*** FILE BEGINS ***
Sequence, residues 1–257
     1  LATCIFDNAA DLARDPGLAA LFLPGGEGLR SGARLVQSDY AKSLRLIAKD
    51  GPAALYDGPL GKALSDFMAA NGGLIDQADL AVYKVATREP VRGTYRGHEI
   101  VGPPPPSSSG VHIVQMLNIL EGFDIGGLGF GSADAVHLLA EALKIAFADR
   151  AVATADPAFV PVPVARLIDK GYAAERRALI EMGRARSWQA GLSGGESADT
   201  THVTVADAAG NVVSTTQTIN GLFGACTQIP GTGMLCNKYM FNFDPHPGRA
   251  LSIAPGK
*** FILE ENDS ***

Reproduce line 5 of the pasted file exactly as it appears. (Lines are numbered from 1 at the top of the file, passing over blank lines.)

   151  AVATADPAFV PVPVARLIDK GYAAERRALI EMGRARSWQA GLSGGESADT